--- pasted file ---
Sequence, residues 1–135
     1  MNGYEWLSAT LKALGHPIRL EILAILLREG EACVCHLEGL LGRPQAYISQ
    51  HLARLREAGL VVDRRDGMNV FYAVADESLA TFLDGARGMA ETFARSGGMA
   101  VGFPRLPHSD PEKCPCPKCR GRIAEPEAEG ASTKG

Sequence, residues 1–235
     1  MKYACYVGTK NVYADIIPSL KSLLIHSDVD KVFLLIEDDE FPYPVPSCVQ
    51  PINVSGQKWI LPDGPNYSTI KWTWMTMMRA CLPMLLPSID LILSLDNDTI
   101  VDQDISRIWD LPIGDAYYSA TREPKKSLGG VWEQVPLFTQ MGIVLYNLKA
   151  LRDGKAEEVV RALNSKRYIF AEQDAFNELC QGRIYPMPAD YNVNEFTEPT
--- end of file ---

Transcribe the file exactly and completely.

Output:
Sequence, residues 1–135
     1  MNGYEWLSAT LKALGHPIRL EILAILLREG EACVCHLEGL LGRPQAYISQ
    51  HLARLREAGL VVDRRDGMNV FYAVADESLA TFLDGARGMA ETFARSGGMA
   101  VGFPRLPHSD PEKCPCPKCR GRIAEPEAEG ASTKG

Sequence, residues 1–235
     1  MKYACYVGTK NVYADIIPSL KSLLIHSDVD KVFLLIEDDE FPYPVPSCVQ
    51  PINVSGQKWI LPDGPNYSTI KWTWMTMMRA CLPMLLPSID LILSLDNDTI
   101  VDQDISRIWD LPIGDAYYSA TREPKKSLGG VWEQVPLFTQ MGIVLYNLKA
   151  LRDGKAEEVV RALNSKRYIF AEQDAFNELC QGRIYPMPAD YNVNEFTEPT